These sonnets exclusively employthe rhyme scheme, which has come to be called the Shakespearean Sonnet. Thesonnets are composed of an octet and sestet and typically progress through threequatrains to a concluding couplet. It also contains figurative language anddifferent poetic devices used to create unique effects in his sonnets. Shakespeares sonnets consist of words constructed in a certain manner orform, thoughts, emotion and poetic devices. One way to interpret the sonnet isto think of thee that Shakespeare is referring to as a person. Followingthat line of thought the sonnet could read that Shakespeare is in love withsomeone who is consistently beautiful.
He tries to compare this person to summerbut summer is not as beautiful or constant. This person in Shakespeares eyeswill never grow old and ugly and not even Death can say that his persons endis near. In line 1, he starts the poem with a question. He asks if he shouldcompare the person to a summers day but ends up not doing so realizing thatthe person is superior. In the following 7 lines of this sonnet, he begins toshow the differences between the person and a summers day. He explains thatthe persons characteristics is moderate and comfortable and has favorablequalities in line 2.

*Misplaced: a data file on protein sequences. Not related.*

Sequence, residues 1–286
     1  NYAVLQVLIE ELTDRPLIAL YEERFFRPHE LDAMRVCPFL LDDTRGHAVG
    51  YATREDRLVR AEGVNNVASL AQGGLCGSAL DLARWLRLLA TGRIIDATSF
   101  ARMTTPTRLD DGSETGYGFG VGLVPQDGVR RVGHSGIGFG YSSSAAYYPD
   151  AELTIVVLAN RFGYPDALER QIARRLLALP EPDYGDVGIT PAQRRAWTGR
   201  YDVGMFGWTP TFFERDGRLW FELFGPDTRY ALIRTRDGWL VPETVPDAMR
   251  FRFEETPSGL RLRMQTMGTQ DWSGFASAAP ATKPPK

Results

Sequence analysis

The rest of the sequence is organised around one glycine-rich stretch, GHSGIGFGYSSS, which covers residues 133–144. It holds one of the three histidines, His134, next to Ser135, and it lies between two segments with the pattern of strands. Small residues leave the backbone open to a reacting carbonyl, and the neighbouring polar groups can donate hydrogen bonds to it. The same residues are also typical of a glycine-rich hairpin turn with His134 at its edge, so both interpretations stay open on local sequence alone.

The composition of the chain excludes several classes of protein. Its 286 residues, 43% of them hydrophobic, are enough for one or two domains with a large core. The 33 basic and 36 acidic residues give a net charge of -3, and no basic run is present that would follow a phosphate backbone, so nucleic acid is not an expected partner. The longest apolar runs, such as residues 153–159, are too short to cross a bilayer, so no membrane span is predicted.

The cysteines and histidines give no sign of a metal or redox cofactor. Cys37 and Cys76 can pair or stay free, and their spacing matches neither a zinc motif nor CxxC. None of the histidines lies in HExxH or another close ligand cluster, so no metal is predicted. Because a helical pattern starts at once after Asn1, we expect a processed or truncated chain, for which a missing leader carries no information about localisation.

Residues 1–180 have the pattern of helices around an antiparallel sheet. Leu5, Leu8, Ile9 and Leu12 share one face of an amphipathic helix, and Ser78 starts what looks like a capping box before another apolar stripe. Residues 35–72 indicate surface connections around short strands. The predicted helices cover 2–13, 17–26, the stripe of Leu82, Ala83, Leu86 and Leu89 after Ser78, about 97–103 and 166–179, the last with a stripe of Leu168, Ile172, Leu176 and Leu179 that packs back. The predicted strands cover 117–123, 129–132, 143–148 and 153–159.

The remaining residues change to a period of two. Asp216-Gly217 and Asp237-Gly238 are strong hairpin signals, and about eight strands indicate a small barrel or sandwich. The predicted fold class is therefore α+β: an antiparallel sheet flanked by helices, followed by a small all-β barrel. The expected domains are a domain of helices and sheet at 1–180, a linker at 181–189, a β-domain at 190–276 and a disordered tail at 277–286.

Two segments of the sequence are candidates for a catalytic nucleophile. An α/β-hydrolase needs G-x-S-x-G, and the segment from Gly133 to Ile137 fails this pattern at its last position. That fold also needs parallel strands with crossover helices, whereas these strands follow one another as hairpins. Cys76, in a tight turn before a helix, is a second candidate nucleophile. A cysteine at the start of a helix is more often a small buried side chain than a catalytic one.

Rough winds do shake the darling buds of May, (line3) means that the rough winds of the summer can destroy the buds of the flowersand his particular person has no such trait. In the forth line of the sonnet,Shakespeare justifies how summer is too short and how his lovers beauty doesnot end like this specific season does. In the next two lines, lines 5 and 6,the superb poet interpret the summers temperature. He explains how the summercan be extremely hot and uncomfortable. He also describes how the sun can bedulled due to the covering of clouds.
It can obscure or shadow the earth, unlikethe shining beauty of his lover. Although Sonnet 18 is an extended metaphor,line 7 has a literal meaning that explains itself: And every fair from fairsometime declines, With fair meaning beautiful, he is saying that everythingthat is beautiful must come to an end and that all beauty fades except the oneof his lover. The next line is an example of the reasons why beauty fades. Chance makes beauty fade by something dreadful happening. He says that natureschanging course untrimmed meaning that the seasons changing direction, path ortime can deteriorate beauty.
In line 8, the turning point of the sonnet,Shakespeare specifies that something is changing by using the simple word But. He goes on to explain that the persons beauty will not die. He itemizeseternal to mean that the persons charm will live forever. You are not goingto lose possession of that beauty that you own, Shakespeare explains in line 10.